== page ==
Easter blessings from UCAN
There is no more important week in the year for Christians than this Holy Week. We call it Holy because of the mystery we celebrate - God's gift of His son who loves us to his death on Calvary and beyond.
Because of that love, we wish each other Happy Easter even when we know there is a lot of tragedy about it - Good Friday. As Christians, we know that what we see happening with and in Jesus goes to the heart of what we know from our own experience of life.
At the Second Vatican Council, the Christian lives we all lead were described as being shares in the Paschal Mystery. We have our share in the death and resurrection of Jesus every day. Our lives are part of the Paschal Mystery.
At UCAN, we work to describe that mystery in the unfolding tragedies and astonishing blessings of the people we seek out and report, feature and comment on.
While at times deeply distressing work, this effort of ours gets its coherence in the same way the death of Jesus did - because of the astonishing grace of a God who never gives up on life and love.
Because of that, we can wish you Happy Easter.
Fr. Michael Kelly SJ
Cardinal Tagle speaks out against secular winds of change
Modern society has inflicted wounds on individuals and families, he says
Picture: Wikimedia Commons
- Radio Vatican
- October 28, 2013
Cardinal Luis Antonio Tagle, the archbishop of Manila in the Philippines, was among the participants at this week’s plenary assembly of the Pontifical Council for the Family. In an interview with Susy Hodges he spoke of “the winds of change” arising from secularization and the new media that are buffeting the family in the Philippines and how the Church can respond to these challenges. The Cardinal also spoke of the ambivalence of the success of our modern society and the wounds that this has inflicted on individuals and the family.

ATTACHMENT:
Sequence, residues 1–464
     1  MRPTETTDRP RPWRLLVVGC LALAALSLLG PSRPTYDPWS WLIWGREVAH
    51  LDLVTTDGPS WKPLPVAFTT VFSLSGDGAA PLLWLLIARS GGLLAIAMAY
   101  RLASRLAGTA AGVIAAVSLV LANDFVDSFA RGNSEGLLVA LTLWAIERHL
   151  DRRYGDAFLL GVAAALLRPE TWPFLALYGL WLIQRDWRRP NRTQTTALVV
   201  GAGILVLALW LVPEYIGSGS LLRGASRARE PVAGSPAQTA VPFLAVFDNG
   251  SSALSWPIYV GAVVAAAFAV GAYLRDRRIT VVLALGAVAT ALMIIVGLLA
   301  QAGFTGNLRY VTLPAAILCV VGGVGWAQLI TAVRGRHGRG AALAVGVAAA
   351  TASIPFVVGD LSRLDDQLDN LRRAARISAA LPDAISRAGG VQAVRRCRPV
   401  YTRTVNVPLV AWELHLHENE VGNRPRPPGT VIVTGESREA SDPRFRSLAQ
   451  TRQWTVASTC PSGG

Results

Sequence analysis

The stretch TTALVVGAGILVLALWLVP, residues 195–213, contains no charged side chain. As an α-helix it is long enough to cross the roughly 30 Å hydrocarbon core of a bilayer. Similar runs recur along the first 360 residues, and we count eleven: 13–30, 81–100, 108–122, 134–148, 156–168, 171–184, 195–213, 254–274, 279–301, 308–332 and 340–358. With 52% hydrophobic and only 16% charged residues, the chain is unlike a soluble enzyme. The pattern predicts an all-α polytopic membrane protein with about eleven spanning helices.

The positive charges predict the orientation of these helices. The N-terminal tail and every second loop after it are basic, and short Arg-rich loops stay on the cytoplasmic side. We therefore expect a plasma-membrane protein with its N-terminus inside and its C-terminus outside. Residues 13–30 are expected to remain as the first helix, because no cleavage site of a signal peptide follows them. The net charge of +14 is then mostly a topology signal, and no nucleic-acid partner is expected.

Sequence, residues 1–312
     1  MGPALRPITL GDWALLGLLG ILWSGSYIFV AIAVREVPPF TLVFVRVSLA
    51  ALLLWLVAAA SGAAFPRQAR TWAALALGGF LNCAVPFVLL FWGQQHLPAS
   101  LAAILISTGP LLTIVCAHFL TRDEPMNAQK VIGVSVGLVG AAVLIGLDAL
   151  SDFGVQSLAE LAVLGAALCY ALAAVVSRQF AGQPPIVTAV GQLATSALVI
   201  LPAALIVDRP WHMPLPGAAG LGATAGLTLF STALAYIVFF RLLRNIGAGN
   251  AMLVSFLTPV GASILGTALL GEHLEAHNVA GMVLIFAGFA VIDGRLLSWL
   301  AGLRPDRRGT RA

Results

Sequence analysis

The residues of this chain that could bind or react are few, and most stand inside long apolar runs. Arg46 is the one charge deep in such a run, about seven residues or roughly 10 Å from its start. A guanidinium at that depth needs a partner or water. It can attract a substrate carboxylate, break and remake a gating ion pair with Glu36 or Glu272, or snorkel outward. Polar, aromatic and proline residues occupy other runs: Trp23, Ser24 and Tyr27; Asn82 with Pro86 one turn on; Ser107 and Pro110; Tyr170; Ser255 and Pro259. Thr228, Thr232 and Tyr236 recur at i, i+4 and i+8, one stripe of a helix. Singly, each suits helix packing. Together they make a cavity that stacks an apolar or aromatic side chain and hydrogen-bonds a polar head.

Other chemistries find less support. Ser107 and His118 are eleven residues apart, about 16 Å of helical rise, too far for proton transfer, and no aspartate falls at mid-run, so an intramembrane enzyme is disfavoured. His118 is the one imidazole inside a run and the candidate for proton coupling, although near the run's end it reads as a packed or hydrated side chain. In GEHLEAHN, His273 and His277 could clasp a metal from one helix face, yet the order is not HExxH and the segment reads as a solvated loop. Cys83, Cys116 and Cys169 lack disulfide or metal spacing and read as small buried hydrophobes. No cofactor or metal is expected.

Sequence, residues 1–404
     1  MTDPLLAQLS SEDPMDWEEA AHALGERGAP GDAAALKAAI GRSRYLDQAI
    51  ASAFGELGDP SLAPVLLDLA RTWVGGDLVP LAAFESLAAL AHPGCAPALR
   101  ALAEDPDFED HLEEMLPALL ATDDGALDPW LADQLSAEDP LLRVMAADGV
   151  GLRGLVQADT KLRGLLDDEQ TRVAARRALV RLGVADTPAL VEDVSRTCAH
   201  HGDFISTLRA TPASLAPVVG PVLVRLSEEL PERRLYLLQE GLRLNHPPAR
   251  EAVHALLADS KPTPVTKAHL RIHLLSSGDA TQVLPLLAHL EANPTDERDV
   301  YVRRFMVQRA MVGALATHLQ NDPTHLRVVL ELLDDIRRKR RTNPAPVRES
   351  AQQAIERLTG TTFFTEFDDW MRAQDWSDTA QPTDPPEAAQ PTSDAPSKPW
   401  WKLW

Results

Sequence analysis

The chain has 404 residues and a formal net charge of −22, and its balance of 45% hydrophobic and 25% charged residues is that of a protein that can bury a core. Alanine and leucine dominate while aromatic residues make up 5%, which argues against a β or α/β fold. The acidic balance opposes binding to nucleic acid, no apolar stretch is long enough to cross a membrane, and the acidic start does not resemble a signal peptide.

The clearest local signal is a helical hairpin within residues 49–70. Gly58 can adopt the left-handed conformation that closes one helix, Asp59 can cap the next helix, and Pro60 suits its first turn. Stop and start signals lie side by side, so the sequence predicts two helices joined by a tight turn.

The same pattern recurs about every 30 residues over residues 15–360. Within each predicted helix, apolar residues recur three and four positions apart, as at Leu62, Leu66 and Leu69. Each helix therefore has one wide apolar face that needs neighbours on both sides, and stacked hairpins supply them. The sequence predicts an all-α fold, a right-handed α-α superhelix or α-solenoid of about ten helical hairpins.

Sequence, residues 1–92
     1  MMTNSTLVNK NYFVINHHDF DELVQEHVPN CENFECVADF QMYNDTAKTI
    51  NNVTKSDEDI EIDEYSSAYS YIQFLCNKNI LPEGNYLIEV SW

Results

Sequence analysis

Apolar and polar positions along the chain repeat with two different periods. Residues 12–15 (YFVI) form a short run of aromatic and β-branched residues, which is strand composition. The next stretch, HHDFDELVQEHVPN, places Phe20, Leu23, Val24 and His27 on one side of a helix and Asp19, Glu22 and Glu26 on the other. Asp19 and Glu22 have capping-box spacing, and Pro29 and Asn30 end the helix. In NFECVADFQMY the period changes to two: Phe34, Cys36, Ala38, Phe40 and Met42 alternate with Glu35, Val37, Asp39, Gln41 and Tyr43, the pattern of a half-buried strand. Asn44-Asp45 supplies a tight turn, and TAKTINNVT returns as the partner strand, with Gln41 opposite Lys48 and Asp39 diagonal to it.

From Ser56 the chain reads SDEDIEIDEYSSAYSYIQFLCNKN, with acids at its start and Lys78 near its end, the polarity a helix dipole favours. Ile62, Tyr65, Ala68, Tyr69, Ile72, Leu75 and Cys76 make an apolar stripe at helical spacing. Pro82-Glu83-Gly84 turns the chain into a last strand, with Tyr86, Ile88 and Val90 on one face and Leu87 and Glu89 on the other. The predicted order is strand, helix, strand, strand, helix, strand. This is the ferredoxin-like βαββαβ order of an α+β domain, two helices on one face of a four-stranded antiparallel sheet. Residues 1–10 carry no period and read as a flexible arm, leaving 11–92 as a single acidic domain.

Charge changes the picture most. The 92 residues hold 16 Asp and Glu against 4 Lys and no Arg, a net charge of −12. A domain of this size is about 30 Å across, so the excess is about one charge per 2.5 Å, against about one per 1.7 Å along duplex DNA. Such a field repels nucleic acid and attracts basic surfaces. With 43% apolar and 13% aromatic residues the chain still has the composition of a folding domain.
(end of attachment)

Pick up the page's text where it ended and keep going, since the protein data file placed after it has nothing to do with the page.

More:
Cardinal Tagle says he is grateful that “the traditional values that have kept families together and alive” are still there in his homeland but acknowledges that “they are beginning to see the effects of secularization and the media” and the “winds of change” that they herald.
When asked if he predicts that these “winds of change” will become more threatening, he replies “in a sense yes” but adds that he believes that the resources and the imagination of the families will prevail. At the same time, he believes that the Church should be able to communicate to all those “who shape culture” the “beauty of the family” and notes that many of the Church’s beliefs concerning the family are shared by non- Christians and can be used to forge a common “mission and vision” on this key issue.
“The Church,” says Cardinal Tagle, “needs to present the human face of Jesus” and goes on to speak about how humanity “is very much aware of the ambivalence of the success (of modern society) and the wounds that this has inflicted on individuals and families.”
Asked for his assessment of Pope Francis’ papacy so far, Cardinal Tagle says it’s a question of continuity when it comes to Church traditions but like the other popes, he has brought, “his personal way of incarnating the papal ministry” that is shaped partly by his personal background. He says the Pope’s humbleness and his desire to be close to his flock really resonates with the faithful and that’s the way to evangelize, especially in Asia.
When it comes to the views of young people in the Philippines and what kind of Church they want to see, Cardinal Tagle shared with us the results of a recent survey on this topic in his homeland.
He said the survey showed that young people “are turned off by a Church that is quite judgmental, a Church that comes across as pessimistic and heavy” … that does not rejoice at anything.” If, on the other hand, the Church projects “joy and hope”, the Cardinal added, then “the young people are more disposed” to listen to the “No” or prohibitions.
Full Story: Cardinal Tagle: The ambivalence of our society's success and its wounds on the family
Source: Vatican Radio